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Construct a simple abstract functor from an abstract category representing a span of (mono)morphisms:

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Show that this functor is injective, surjective and bijective as a function on the sets of objects:

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Construct a new abstract functor that introduces new objects X and Y:

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Show that the functor is no longer surjective nor bijective as a function on the sets of objects, though it is still injective:

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Show that by introducing isomorphisms between objects X and W and objects Y and V in the codomain category, the functor can nevertheless be made essentially surjective on objects:

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Even though it is still not strictly surjective on objects:

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Likewise, we can construct a new functor that imposes an equivalence between objects U and V in the codomain category:

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Show that the functor is no longer injective nor bijective as a function on the sets of objects, though it is still surjective:

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Show that by introducing an isomorphism between objects X and Y in the domain category, the functor can nevertheless be made essentially injective on objects:

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Even though it is still not strictly injective on objects:

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Show the list of equivalences between morphisms:

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Construct an abstract functor that adds two new objects (W and U) and three new arrows (*h*, *i* and *g2*) to a simple abstract category:

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Show that the functor is an inclusion functor (i.e. the domain is a subcategory of the codomain), but not a full inclusion functor (since it is not a full functor):

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Similarly, show that the functor is an embedding functor (i.e. it is both faithful and injective on objects), but not a full embedding functor (i.e. it is not fully faithful and injective on objects):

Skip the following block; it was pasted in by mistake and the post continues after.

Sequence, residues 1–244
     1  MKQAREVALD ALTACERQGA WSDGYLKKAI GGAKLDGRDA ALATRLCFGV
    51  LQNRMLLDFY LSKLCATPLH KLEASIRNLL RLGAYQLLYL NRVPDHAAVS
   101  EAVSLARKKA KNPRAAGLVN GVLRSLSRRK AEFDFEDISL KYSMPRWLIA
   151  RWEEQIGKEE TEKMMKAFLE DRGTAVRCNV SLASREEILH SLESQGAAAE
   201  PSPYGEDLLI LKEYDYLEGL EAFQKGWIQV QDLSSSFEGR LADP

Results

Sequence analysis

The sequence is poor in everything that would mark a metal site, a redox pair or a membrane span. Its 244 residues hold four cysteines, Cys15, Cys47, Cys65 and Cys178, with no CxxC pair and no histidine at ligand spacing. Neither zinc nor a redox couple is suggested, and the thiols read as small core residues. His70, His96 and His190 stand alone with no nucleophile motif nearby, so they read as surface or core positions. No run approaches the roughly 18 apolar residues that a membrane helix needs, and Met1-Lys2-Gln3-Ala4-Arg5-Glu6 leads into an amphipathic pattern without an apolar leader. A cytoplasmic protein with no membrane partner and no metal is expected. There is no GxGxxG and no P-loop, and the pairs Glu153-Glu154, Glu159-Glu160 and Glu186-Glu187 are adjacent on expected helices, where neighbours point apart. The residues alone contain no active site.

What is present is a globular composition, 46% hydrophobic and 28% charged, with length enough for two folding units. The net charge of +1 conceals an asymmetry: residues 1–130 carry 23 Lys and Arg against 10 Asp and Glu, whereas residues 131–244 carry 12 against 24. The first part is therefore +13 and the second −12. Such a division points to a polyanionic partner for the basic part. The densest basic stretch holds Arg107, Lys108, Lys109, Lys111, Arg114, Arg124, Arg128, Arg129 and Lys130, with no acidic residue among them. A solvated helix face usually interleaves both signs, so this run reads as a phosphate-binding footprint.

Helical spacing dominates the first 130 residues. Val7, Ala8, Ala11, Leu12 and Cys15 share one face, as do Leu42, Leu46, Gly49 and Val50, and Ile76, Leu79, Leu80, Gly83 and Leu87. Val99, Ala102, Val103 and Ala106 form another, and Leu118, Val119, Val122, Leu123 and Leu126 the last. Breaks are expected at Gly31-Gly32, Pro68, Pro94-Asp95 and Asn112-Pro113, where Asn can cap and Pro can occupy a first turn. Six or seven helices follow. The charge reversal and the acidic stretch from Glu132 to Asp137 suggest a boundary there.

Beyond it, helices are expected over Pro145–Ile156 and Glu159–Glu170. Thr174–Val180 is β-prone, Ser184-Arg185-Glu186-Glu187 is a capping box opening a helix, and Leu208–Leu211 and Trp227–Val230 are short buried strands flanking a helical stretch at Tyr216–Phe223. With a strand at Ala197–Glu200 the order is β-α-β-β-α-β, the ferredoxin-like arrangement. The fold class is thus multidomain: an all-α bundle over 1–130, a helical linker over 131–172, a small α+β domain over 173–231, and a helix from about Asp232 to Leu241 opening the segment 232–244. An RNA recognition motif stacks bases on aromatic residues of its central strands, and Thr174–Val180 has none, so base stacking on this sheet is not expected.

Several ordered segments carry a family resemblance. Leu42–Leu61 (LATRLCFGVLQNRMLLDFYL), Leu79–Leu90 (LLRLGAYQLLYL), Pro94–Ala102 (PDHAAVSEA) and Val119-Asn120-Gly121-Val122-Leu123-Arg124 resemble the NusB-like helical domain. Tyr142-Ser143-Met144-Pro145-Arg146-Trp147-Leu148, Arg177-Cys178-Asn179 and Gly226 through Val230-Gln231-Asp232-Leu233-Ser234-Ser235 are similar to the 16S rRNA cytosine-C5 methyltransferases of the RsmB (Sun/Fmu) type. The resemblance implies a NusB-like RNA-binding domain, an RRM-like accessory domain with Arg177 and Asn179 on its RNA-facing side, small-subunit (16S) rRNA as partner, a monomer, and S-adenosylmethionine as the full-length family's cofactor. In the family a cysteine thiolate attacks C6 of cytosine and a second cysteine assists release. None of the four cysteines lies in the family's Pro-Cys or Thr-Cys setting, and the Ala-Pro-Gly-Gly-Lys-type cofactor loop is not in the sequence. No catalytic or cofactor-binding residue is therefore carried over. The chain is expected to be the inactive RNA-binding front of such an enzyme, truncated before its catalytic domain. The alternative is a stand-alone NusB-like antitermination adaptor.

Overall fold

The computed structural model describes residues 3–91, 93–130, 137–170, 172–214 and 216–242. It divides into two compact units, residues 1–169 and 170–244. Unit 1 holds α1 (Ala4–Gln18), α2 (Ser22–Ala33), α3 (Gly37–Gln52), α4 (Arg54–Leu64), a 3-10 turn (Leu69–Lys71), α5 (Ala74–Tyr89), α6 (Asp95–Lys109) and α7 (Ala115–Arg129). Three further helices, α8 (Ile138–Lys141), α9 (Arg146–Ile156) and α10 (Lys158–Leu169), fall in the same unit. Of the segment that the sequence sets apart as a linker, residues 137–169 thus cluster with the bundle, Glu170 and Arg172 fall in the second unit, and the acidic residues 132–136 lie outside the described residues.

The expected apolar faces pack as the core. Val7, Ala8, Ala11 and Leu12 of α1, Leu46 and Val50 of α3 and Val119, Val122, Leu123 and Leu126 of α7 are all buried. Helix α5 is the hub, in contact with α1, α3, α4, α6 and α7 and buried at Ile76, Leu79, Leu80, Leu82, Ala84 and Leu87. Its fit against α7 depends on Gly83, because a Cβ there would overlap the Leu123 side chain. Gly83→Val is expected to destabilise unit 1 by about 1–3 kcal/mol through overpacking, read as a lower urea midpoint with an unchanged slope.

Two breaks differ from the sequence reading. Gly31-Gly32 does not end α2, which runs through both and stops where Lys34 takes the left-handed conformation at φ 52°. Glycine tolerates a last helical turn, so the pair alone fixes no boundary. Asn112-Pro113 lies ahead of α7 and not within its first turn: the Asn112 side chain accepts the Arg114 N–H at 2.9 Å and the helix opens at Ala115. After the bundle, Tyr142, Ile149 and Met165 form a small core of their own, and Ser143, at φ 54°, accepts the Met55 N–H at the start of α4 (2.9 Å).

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Show that the functor does not yield an equivalence of categories (i.e. it is not fully faithful and essentially surjective):

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Apply the abstract functor to the original abstract category (thus yielding the codomain category):

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Apply the abstract functor to a larger abstract category (in which case it acts as an abstract functor on the relevant subcategory):

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Construct an abstract functor that projects certain collections of objects in the domain category to single objects in the codomain category, and certain collections of morphisms in the domain category to identity morphisms in the codomain category (i.e. a simple fibration):

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Show the association of fibers/fiber categories for each object in codomain category (i.e. show, for each object in the codomain category, which objects/morphisms in the domain category map to that object/its identity morphism in the codomain category):

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Show the association of fibers/fiber categories for each object in the codomain category, with all equivalences between objects and morphisms imposed:

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Show the graph form of the fiber associated to the object U in the codomain category:

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Show that the fibration is not discrete: